Performance Impact of the PHP Garbage Collector

By Fabien Potencier, on Dec 08, 2014

Last week, Composer, the dependency manager used by modern PHP applications, announced that its latest version was between 30% and 90% faster than its previous version. And this huge performance improvement was not because of a big refactoring, quite the contrary. First, Nils wrote a patch to lower the number of function calls and that led to a significant speed improvement. But Jordi also disabled the circular reference garbage collector in a later patch and that increased the performance of Composer drastically for most of us.

So, Composer got this huge performance boost just by changing a single line of code:

// src/Composer/Installer.php
namespace Composer;

class Installer
    // ...

    public function run()
        // ...

Even if the patch is very small, the good consequences are not very obvious and rather counter intuitive at first. In this post, I won’t write about the theory as Anthony Ferrara wrote a very detailed blog post about how garbage collecting works in PHP.

Surprisingly enough, and until last week, nobody ever thought about trying to optimize Composer that way and that’s probably because no PHP tool is able to tell you what the garbage collector does during the execution of your code. When optimizing the performance of an application, you need good tools that tell you the true story on what’s going on behind the scene. Blackfire Profiler is such a tool, and like any other ones, it was unfortunately unable to tell you why Composer was slow.

Is it even possible to get useful information about the garbage collector from PHP? Well, as it turns out, it’s not easy. The Blackfire team worked hard last week to find ways to gather relevant information about the PHP garbage collector and today, I’m very happy to announce the immediate availability of this feature in the latest version of our stack. If you upgrade Blackfire today, you will get all the information you need to know about the PHP garbage collector calls. You can now decide if disabling the garbage collector will help your code run faster or consume less memory without shooting in the dark; remember that calling gc_disable() is not something you want to do in all your PHP scripts.

Analyzing Composer

Let’s see what the new version of Blackfire can tell us about the Composer performance improvement. First, I ran composer install in a project with quite a few dependencies ( with a Composer binary that was created before the code optimizations from last week:


As you can see, the garbage collector was triggered during the call of multiple functions and the time spent in it represents more than 34% of the total execution time. This is actually the biggest cost in the profile.

The “@Garbage Collector” node details shows that it has been called 244 times:


More interestingly, we can see that garbage collection did not free any memory (+ 300Kb):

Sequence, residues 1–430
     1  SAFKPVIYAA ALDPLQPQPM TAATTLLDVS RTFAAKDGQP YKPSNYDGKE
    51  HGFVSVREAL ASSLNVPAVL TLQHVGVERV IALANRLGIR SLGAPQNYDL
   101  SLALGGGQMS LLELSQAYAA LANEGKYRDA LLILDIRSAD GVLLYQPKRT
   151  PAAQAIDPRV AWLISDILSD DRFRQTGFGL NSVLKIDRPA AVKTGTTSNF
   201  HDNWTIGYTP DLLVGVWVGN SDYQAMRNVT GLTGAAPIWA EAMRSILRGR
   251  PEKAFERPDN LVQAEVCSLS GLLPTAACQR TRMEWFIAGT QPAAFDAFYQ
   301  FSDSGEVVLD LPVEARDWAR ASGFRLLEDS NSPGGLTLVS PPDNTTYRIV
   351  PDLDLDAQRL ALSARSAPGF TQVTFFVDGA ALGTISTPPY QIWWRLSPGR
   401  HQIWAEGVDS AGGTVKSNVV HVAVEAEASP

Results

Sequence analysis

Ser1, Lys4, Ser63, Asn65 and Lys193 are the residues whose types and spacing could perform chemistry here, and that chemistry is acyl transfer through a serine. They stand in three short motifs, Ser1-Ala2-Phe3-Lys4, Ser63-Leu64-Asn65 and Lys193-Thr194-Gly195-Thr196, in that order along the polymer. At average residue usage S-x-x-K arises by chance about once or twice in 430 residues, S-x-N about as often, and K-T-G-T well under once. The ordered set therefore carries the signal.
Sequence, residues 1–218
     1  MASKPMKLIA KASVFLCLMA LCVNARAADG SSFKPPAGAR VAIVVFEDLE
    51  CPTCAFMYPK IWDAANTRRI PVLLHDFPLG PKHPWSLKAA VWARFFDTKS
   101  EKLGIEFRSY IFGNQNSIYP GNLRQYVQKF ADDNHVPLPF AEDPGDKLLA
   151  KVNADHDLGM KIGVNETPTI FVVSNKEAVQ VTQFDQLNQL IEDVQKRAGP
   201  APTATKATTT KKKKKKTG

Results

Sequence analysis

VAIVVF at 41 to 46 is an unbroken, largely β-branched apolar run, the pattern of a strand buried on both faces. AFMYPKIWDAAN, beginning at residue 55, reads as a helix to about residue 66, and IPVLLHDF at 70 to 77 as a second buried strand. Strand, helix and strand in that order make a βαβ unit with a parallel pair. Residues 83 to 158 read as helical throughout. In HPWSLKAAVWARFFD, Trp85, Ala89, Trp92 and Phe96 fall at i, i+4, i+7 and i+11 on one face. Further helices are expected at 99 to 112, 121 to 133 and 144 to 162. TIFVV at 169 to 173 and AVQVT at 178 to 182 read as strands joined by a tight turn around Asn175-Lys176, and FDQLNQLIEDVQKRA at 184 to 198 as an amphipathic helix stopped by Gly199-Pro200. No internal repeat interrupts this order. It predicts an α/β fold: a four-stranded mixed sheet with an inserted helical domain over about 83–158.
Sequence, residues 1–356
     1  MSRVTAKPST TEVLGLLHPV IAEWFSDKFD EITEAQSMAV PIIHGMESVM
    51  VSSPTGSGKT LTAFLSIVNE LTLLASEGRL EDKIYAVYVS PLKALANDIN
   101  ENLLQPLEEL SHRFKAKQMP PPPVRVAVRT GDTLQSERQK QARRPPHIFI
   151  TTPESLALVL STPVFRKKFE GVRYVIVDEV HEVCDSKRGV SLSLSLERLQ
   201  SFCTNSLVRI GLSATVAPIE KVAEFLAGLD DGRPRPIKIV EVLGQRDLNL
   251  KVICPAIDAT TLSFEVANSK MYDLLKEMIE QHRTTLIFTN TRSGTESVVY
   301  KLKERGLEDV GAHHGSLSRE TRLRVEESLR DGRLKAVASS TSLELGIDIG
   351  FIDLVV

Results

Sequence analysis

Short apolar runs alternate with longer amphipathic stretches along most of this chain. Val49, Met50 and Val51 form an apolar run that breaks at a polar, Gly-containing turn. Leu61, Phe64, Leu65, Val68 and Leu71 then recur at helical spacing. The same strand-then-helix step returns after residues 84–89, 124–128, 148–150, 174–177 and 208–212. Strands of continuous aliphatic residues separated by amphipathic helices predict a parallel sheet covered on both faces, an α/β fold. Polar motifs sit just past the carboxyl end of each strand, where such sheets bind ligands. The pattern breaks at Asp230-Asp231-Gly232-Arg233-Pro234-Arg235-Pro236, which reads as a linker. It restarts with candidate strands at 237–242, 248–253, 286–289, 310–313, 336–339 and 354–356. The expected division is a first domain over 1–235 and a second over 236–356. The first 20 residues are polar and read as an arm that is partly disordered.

So, the garbage collector ran for 35 seconds without being able to free any memory; those 35 seconds are just lost for nothing.

Then, I ran it again with a Composer binary created after the code optimizations. To better visualize the difference, I’ve used the Blackfire comparison feature. As you can see, the story is totally different:


As expected, disabling the garbage collector reduced the time it took for Composer to run by 35 seconds. Summed with the other optimizations made on Composer, the total execution time is reduced by more than one minute (from more than 2 minutes to 40 seconds.) More important, Blackfire told us exactly what was going on and we were able to understand the impact of PHP garbage collector in this specific setup.

Analyzing a Simple (Leaking) PHP Script

Now, let’s take another example where the story is different:

$i = 15000;

function cycle()
    $a = (object) array();
    $b = (object) array();
    $b->a = $a;
    $a->b = $b;

    return $a;

while (--$i) {
    $b = cycle()->b;

Blackfire tells us that the PHP garbage collector ran 3 times (representing 21.4% of the total execution time), and it was able to collect 10Mb of memory back. So, our script did not leak thanks to the garbage collector.

If we disable the garbage collector by adding a gc_disable() call at the beginning of the script and compare the two profiles, here is the result:


As expected, the memory usage is much higher without the garbage collector (+7.71Mb), but the execution time is “better” (-7.35ms). So, this is a trade-off between execution time and memory.

It’s your turn now. If you want to profile some Web applications or some PHP CLI tools and don’t have Blackfire installed yet, go to website, sign up and install the required software as explained in the Getting Started tutorial.

Happy profiling!

Fabien Potencier

Fabien Potencier is the CEO and founder of He founded the Symfony project in 2004 as he constantly looked for better ways to build websites. Fabien is also the creator of several other Open-Source projects, a writer, a blogger, a speaker at international conferences, and the happy father of two wonderful kids.